It was the Cultural Center, its name engraved on a wall outside, in 2 words whose very significance I’d been heavily invested in all year. The studio apartment-like restaurant whose design resounded my own dreams of the house that I’d for long wanted to be mine- the open french windows which let in a generous amount of the chilly, fresh, Fort Portal air; the environmental-friendly, wicker-made lamp holders and the polished wooden floors and stairs on which you could sit and read all day.
It was the initial sight of the beautiful Rwenzori mountain ranges between which a brewing ugly dispute was about to erupt. A dispute whose gravity we’d not fully know until we’d returned from its scene. It was the smooth winding roads- a steady progression to the frail, cracked Equator circles, photo moments at which induced fresh smiles and the silliest poses.
It was my nostalgic glimpse of the high built bridge above that channel which like a mediator flowed between Edward and George. The memories from 2003 that came rushing back creating an excitement that even I had not anticipated. The familiar sounds of the locals’ conversations in a language that I could speak and understand.
It was the cozy piece of elaborate, lodging architectural design, arrival at which we’d found the staff assembled- holding out hot towels and serving fresh juice with smiles so wide. The scrumptious dinner by Chef Simon of the impeccable culinary skills as we’d all later be reassured with every meal. Lounging couches against the walls, the tree trunk built tables and the large dining room that spread further into the space.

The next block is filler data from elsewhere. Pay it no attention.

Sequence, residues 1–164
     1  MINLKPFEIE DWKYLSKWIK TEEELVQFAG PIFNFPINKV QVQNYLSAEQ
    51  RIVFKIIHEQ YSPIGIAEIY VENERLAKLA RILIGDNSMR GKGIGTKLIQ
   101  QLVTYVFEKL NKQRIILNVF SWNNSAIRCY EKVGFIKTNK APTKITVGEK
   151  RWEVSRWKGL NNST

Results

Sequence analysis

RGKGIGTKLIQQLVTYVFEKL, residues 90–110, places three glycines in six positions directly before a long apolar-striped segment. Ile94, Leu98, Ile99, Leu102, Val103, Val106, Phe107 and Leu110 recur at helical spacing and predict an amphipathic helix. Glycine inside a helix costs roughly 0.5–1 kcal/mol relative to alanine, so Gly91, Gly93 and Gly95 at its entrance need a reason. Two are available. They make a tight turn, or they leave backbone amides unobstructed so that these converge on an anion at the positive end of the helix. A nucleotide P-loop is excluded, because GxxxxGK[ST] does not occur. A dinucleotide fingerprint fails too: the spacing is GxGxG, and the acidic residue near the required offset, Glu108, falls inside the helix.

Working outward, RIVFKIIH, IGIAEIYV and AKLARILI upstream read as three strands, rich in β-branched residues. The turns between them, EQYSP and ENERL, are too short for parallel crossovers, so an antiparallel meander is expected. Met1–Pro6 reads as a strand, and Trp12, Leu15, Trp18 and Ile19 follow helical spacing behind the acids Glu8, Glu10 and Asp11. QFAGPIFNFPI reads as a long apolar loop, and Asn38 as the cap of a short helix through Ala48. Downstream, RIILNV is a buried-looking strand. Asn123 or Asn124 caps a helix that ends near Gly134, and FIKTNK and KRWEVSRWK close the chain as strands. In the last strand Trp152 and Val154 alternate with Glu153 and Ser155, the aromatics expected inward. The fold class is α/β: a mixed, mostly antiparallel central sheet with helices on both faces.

It was the painting of Emperor Haile Selassie, that stood protectively on the wall right above above my pillow. The long bath tub in which I’d soak my fatigue away and the soap whose use after which left the skin feeling like silk- a feeling that was carried forward to my bed as I got in between my sheets.
It was another encounter with an elephant’s superiority- this time an infuriated one whose warning trumpet, ear flapping and foot stomping had Pipes turn into a Formula 1 driver. The baboon which reached for the Kreativ Adikt camera which held the card on which most of the pictures herein were. Luckily for us, the baboon’s efforts were futile.
It was the way the sunset met the waters at Kazinga Channel boat cruise; several times, each time with a deeper, darker intensity. It was my sun-kissed melanin that in turn gave off a fierce dark chocolate and prompted me to indulge in the vanity of multiple selfies.
It was my cabin’s patio that overlooked a wide expanse of the Queen Elizabeth National Park- bringing to life the nomenclature of the home away from home haven that is Park View Safari Lodge which we called home for 2 days. It was the cozy camping chair in the corner of this patio in which I sat and scribbled some of these notes…